Mangoes World

Welcome to the world of Ms M Mango


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So this is Christmas

It’s finally approached my most hated time of the year.

The older I get the more I realise what exactly it is that I hate about Christmas. On the fundamental level, Christmas for me is forced happiness. It is forced by a variety of differentiating factors.

Forced happiness is developed through a variety of mediums of exposure. From December the 1st, when you walk into the big-chain supermarkets, the torturous Christmas Carol album has been completely flogged to death by the repeat button. The only joyous moment is your actual departure and the mutilation of your ears finally ceases.

What is more poignant is the fact that artists make Christmas albums before their imminent death from the music scene. Oh Mariah, please sing ‘rum a pum pum’ one more time whilst I can still breathe. It is at this point that I can feel only compassionate to the workers at the checkouts. 38 hours a week of Christmas tunes would ultimately destroy my capacity to function.

Forced happiness at Christmas time is not a reality for many Australians. Obviously the peer pressure of presents and ‘family get togethers’ only highlight the fact that a happy Christmas is not realty.

Which leads me to my second point, the widespread commercialisation of Christmas as a source of budgeted income for retailers.

This is what ultimately disgusts me the most. Christmas today is so far removed from its foundations, that no longer is the family gathering the focal point for the holiday. How many Christmas celebrating Christians actually attend a church ceremony?

How can I celebrate something that I do not believe in? What’s worse is the tremendous expenditure of Christmas hooligans in the hunt the perfect gift. Before you know it, you’ve spent $100s on gifts that might not ever be used. I believe that Christmas shouldn’t be about gifts, and expensive presents should be savored for birthdays.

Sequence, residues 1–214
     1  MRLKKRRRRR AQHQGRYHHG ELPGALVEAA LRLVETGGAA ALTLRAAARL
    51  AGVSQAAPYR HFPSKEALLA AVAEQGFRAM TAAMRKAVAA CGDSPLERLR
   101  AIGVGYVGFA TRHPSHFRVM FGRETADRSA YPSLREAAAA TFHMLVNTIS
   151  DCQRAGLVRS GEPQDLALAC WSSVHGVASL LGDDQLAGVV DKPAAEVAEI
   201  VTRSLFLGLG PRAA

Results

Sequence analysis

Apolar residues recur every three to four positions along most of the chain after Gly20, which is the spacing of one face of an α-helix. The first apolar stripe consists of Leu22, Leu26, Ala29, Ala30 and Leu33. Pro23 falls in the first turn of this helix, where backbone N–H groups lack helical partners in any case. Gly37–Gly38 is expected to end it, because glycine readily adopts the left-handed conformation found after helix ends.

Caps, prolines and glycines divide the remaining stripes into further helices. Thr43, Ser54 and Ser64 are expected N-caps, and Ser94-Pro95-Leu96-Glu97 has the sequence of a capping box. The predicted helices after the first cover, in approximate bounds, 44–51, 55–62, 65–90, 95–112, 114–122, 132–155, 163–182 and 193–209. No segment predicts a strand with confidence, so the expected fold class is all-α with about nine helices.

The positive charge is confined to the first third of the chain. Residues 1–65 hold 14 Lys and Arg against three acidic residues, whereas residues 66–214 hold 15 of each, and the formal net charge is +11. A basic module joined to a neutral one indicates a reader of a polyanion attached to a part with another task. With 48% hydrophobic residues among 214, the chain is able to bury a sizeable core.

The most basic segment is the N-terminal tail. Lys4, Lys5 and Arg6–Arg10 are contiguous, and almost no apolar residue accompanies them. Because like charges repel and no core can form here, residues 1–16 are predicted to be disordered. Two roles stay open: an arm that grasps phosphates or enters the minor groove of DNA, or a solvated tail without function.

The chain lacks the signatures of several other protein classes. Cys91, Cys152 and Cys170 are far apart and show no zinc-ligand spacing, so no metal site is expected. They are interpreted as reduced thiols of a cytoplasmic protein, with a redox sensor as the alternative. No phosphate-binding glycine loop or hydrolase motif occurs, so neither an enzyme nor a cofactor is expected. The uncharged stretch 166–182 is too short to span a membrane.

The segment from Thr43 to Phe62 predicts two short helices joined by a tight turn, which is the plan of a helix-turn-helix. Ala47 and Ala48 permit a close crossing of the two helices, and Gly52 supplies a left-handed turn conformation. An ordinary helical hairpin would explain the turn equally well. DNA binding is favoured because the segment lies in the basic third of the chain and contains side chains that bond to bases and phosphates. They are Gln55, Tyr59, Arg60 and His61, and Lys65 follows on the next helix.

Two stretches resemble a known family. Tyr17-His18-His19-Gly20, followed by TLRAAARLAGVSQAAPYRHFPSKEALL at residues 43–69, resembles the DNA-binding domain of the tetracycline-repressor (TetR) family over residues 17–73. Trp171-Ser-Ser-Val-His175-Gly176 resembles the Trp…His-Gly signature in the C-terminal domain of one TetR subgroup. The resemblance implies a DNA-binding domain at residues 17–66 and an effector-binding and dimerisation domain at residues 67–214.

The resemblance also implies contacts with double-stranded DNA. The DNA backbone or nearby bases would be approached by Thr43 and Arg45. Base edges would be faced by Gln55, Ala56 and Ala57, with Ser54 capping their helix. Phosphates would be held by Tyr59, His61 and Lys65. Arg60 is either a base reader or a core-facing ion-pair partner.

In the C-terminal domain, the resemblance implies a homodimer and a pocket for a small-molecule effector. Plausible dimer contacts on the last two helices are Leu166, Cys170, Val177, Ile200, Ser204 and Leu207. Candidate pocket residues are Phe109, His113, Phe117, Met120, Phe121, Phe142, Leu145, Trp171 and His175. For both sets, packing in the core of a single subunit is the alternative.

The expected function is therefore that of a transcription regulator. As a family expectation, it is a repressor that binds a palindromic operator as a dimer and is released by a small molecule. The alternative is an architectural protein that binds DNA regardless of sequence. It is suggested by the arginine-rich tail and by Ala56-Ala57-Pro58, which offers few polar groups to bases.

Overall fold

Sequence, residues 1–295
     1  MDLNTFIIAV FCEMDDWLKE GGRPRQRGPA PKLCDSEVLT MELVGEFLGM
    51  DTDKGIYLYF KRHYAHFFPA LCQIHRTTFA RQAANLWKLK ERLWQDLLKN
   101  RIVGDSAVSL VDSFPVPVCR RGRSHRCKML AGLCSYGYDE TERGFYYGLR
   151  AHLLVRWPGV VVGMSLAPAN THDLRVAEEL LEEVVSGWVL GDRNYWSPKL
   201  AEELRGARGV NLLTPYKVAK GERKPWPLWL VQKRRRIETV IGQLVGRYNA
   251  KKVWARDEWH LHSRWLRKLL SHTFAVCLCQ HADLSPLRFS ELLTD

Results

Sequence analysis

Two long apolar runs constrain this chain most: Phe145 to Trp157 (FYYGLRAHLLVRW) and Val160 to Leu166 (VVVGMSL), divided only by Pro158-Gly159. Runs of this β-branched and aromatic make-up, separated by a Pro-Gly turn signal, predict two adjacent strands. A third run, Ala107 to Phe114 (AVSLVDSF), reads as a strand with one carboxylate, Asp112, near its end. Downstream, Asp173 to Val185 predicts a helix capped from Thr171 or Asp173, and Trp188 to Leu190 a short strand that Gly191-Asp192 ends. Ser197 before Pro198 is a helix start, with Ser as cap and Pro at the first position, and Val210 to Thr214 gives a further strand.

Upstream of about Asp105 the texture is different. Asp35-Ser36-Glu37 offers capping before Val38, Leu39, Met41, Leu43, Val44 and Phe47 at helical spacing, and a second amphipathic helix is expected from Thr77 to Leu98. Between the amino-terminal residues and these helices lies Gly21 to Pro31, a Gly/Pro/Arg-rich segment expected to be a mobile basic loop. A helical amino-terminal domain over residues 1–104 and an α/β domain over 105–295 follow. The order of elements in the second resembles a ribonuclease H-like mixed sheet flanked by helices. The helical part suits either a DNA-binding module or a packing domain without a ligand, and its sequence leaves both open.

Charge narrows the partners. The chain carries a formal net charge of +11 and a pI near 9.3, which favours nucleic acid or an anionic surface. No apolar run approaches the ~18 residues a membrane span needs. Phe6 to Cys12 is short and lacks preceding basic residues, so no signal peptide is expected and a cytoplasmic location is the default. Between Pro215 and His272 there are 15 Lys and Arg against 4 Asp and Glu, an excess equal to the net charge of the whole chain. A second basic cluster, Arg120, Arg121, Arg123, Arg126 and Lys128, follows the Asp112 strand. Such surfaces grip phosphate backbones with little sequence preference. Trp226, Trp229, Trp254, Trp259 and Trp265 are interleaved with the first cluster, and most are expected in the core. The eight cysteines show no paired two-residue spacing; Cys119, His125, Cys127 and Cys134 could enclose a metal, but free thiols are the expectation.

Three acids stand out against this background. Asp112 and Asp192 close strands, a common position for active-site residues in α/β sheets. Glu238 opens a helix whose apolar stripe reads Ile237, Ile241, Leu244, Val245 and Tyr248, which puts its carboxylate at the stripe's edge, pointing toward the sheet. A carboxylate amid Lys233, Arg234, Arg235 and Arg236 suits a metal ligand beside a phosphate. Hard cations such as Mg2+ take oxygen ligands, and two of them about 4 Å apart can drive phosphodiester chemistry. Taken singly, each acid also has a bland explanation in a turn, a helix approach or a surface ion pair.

Then there are the Boxing Day Sales, which aim only to insult this theory further. People scramble into stores for the perfect sale, and leave with empty wallets, and much less faith than they came with.

My frustration with Christmas not only is centered on materialization and forced happiness, but on the day itself. Life practically ceases and people are consumed in the celebrations of the day. For me, I’m stuck. Constrained by the closure of life itself. And it is for this reason that I endeavor to be abroad each year.

I often ponder, that perhaps when I have kids, I might actually enjoy the day. But at the moment, the joy of Christmas is nothing but a burden on my mind. Its desolate destruction from its original meaning is frustrating and fraudulent. It is ourselves that need the reality check.

And where the hell did Santa Claus come from?? He was an Americanization of the St Nicholas character that was ultimately solidified in the years following the 1920s by Coca Cola.

Australians reject the Americanization of Halloween, as adopted from the ancient Celtic festival of Samhain, as it has manifested itself into a secular celebration of ‘trick or treating’ and costuming. So how has this over sized bearded man managed to slip into the homes of millions?

Globalisation is the answer. Globalisation of the Coca Cola products has ever adapted the face of Christmas into a subliminal message about the drink itself. Although Australian’s do not see the snowy Christmas of our European and American counterparts, we are still as much addicted to the commercialization of the day. The scorching temperatures of the Australian Christmas, only see us to purchase the cola flavoured drink to quench the first.

So in 2012, we are left with particles of the real meaning of Christmas wrapped only by the insane expenditure of gift giving slaves. Perhaps my theories would be less prevalent if I had the millions to spend, but I wholesomely doubt that the gifts I purchase would have any more emotional value.

The pressure of the festive season only leads me further into dissociation with the celebration itself. So until the time in which Christmas actually means something to me other than the burden of forced happiness and solid commercialization, I will still remain detached to the celebration as a whole.
~Mango
“Be only what you believe in.”


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“Transport: Who does that?”

A brilliant beginning to our journey, as the Jurassic
ticket machine at Gardenvale station apparently doesn’t take notes
or credit cards. Which is overly perfect considering people
wouldn’t always have coins. In effect we missed the first train and
had to wait patiently in the cold for the next train. A great start.

Training from Gardenvale to the city is about 25mins to
Flinders St. So it’s perfect to leave my house at 7pm. Sitting on